Balance of Power
Encyclopaedia Britannica defines balance of power as the posture and policy of a nation or group of nations protecting itself against another nation or group of nations by matching its power against the power of the other side.
Encyclopaedia Britannica elaborates:
“One of the most fundamental concepts in international relations, balance of power refers to the existence of an international system or order in which imbalances or concentrations of power (e.g. in military and material capabilities) among certain states will necessarily be checked by the powers of other states in order to ensure their survival and preserve their autonomy. This counterbalancing will ultimately lead to restoring equilibrium and balance to the international system. Thus, when a state’s power rises to the point where it threatens the security of other powerful states, measures will be taken by the other states to counterbalance or restrain the rising state and maintain the status quo. This could involve mechanisms such as increasing internal military expenditures and forming coalitions.”
“The term balance of power came into use to denote the power relationships in the European state system from the end of the Napoleonic Wars to World War I. Within the European balance of power, Great Britain played the role of the “balancer,” or “holder of the balance.” It was not permanently identified with the policies of any European nation, and it would throw its weight at one time on one side, at another time on another side, guided largely by one consideration – the maintenance of the balance itself. Naval supremacy and its virtual immunity from foreign invasion enabled Great Britain to perform this function, which made the European balance of power both flexible and stable.”
Randall Schweller (2016, reference below) summarizes the different ways the concept of balance of power has been applied by international relations theorists:
“While the balance of power is arguably the oldest and most familiar theory of international politics, it remains fraught with conceptual ambiguities and competing theoretical and empirical claims. Among its various meanings are (a) an even distribution of power; (b) the principle that power ought to be evenly distributed; (c) the existing distribution of power as a synonym for the prevailing political situation; that is, any possible distribution of power that exists at a particular time; (d) the principle of equal aggrandizement of the great powers at the expense of the weak; (e) the principle that our side ought to have a preponderance of power to prevent the danger of power becoming evenly distributed; in this view, a power “balance” is likened to a bank balance, that is, a surplus rather than equality; (f) a situation that exists when one state possesses the special role of holding the balance (called the balancer) and thereby maintains an even distribution of power between two rival sides; and (g) an inherent tendency of international politics to produce an even distribution of power.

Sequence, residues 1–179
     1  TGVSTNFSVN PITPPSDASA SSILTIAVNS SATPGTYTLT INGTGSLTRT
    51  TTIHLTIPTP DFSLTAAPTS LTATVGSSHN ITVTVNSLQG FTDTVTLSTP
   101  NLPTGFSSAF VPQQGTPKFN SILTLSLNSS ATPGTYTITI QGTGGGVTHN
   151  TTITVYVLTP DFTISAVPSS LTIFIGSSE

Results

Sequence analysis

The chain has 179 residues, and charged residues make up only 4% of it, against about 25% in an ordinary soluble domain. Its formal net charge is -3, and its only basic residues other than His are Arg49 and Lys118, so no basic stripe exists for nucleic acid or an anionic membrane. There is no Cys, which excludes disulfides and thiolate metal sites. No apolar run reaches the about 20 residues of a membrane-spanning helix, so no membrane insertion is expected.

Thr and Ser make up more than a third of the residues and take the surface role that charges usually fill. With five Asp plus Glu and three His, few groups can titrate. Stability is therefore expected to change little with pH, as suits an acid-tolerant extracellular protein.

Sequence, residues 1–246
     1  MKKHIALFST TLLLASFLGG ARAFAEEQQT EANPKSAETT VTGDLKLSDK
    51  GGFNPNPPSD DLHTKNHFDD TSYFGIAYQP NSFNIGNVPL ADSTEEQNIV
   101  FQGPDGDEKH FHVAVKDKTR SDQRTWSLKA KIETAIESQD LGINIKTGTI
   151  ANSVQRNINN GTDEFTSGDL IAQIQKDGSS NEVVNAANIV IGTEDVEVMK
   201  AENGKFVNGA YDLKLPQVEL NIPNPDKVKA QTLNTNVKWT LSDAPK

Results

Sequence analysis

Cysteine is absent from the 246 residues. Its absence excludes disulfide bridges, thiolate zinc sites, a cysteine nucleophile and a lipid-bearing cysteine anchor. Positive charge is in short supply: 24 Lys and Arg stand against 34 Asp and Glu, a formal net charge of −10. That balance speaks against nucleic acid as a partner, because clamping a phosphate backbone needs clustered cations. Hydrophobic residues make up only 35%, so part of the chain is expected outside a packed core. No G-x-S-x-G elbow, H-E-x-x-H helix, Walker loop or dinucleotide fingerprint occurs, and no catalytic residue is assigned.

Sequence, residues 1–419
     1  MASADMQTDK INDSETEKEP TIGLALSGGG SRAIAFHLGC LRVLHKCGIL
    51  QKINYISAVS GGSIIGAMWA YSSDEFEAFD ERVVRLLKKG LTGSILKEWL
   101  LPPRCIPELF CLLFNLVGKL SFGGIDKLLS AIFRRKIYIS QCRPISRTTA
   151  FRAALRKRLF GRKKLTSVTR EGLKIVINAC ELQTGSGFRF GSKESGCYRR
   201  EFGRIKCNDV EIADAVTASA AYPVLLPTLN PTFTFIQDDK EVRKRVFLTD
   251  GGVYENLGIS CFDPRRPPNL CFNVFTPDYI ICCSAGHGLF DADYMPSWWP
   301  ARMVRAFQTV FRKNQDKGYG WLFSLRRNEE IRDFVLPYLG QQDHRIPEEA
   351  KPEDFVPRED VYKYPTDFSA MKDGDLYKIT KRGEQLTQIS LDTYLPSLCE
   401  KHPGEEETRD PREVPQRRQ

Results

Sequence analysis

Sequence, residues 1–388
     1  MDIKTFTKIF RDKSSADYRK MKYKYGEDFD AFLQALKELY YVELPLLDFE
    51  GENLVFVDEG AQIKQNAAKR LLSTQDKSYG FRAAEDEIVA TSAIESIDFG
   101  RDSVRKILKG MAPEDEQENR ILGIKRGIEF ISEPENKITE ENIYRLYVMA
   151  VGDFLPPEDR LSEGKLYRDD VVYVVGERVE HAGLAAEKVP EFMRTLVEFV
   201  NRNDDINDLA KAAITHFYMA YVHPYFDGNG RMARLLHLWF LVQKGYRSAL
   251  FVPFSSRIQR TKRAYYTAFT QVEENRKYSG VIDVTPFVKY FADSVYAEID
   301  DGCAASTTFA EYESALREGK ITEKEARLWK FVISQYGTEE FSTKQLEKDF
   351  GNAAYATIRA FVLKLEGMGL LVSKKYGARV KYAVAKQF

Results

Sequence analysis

See also, International Order.
Atlas topic, subject, and course
The Study of Global Affairs and International Relations (core topic) in Global Context and Atlas105.
Encyclopaedia Britannica (2008), Balance of power, at https://www.britannica.com/topic/balance-of-power, accessed 10 March 2019.
Randall L. Schweller (2016), The Balance of Power in World Politics, Oxford Research Encyclopedias, at http://oxfordre.com/politics/view/10.1093/acrefore/9780190228637.001.0001/acrefore-9780190228637-e-119, accessed 10 March 2019.
Page created by: Ian Clark and Bryan Roh, last modified 10 March 2019.
Image: Wikipedia, at https://en.wikipedia.org/wiki/Balance_of_power_(international_relations)#/media/File:Europe_1815_map_en.png, accessed 10 March 2019.